The point I would like to make is that they do so not because the classic texts are too difficult, or because the later texts are simplified treatments that are easier-to-digest, watered-down versions of the full classic-strength ideas. Rather, they do so because the later texts are simply better accounts of those ideas. Later writers often explain the same ideas better; they build more connections with other ideas; they present more uniform or more encompassing treatments; they are less concerned with irrelevant distractions from the earlier era; they provide more context. These improved accounts advance the subject. Often, the updated accounts correct what amount to errors in the classic texts. For example, consider Turing’s 1936 classic, “On computable numbers,” which begins with what is today considered to be a tempting but ultimately mistaken definition of computable numbers (see http://jdh.hamkins.org/alan-turing-on-computable-numbers/). The contemporary accounts of computable numbers get it right.
Because of my experience in mathematics, therefore, I would find a problem with the framing of the question, “Are Philosophical classics too difficult?” if this is meant to suggest that the classic texts would otherwise always be the best source for treatment of the ideas they treat. This is often true, to be sure, but it is not uniformly true, particularly in the more technical parts of philosophy and logic in which I work, where later writers often have far superior accounts.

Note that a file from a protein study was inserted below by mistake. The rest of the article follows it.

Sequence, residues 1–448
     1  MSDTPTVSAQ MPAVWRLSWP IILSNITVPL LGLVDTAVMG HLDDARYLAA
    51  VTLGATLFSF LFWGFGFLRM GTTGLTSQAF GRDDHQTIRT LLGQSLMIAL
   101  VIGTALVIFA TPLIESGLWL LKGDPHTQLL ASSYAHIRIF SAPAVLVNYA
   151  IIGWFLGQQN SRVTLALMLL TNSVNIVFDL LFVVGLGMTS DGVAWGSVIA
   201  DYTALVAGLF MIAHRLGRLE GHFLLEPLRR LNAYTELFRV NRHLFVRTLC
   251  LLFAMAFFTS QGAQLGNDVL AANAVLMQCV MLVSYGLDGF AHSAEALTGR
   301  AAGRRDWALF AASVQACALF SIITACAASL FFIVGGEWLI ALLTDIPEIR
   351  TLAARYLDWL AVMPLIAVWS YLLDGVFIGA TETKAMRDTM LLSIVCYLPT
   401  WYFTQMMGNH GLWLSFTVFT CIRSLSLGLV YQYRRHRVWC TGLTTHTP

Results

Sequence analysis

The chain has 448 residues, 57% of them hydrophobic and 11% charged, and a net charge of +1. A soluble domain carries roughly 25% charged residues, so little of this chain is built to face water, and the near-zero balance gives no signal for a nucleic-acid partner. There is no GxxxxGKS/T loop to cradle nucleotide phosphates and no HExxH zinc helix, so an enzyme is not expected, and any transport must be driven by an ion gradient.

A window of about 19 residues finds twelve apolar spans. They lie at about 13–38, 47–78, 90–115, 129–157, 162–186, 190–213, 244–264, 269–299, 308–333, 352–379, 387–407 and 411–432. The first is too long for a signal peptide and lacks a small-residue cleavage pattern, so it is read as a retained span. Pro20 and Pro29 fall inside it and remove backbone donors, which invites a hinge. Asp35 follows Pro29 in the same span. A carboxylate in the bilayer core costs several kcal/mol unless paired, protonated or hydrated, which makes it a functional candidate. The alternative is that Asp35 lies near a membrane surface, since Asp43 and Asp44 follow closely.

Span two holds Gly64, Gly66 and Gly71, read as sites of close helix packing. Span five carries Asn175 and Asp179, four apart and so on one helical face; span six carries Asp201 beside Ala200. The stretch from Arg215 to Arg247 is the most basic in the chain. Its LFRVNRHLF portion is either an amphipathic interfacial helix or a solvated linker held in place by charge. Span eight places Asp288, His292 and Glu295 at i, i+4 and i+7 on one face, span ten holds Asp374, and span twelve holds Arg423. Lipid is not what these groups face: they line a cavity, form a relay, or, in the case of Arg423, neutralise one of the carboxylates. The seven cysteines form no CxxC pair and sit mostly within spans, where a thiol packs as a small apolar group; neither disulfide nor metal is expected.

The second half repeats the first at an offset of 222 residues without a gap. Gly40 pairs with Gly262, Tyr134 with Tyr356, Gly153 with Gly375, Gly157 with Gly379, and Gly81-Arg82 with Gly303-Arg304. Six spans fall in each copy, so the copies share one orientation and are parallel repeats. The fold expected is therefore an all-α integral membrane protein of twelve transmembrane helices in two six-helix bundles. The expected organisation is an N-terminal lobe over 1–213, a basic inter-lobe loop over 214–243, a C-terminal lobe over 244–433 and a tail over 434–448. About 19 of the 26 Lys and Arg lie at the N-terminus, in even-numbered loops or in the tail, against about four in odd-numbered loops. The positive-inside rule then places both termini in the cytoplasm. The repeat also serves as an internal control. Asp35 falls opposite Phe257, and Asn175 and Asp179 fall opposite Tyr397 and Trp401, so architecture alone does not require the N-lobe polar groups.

My attitude is: use the best texts for the ideas you want to teach, whether these are classical or contemporary.Report
I think a lot also depends on the quality of the introduction/primer being used. Of course, all of us have come across introductions that misinterpret the source material, are laughably reductive, etc. But a lot of introductions actually cite large chunks of the source material while offering commentaries on them, which makes them function more like annotated copies than inferior, watered-down versions of the original. I’ve read a few titles in the “Very Short Introductions” series, and I consider them to do an excellent job in this arena. The best thing to then do, from the POV of scholarly responsibility, would be to go back to the primary source and read the cited sections in their full context so you get a fuller and more nuanced view of the topic. But I don’t think there’s anything objectionable about using introductory volumes as a starting point, and doing so may actually be preferable to jumping straight into the source material since the commentary can often provide background information about the philosophical issue at hand.Report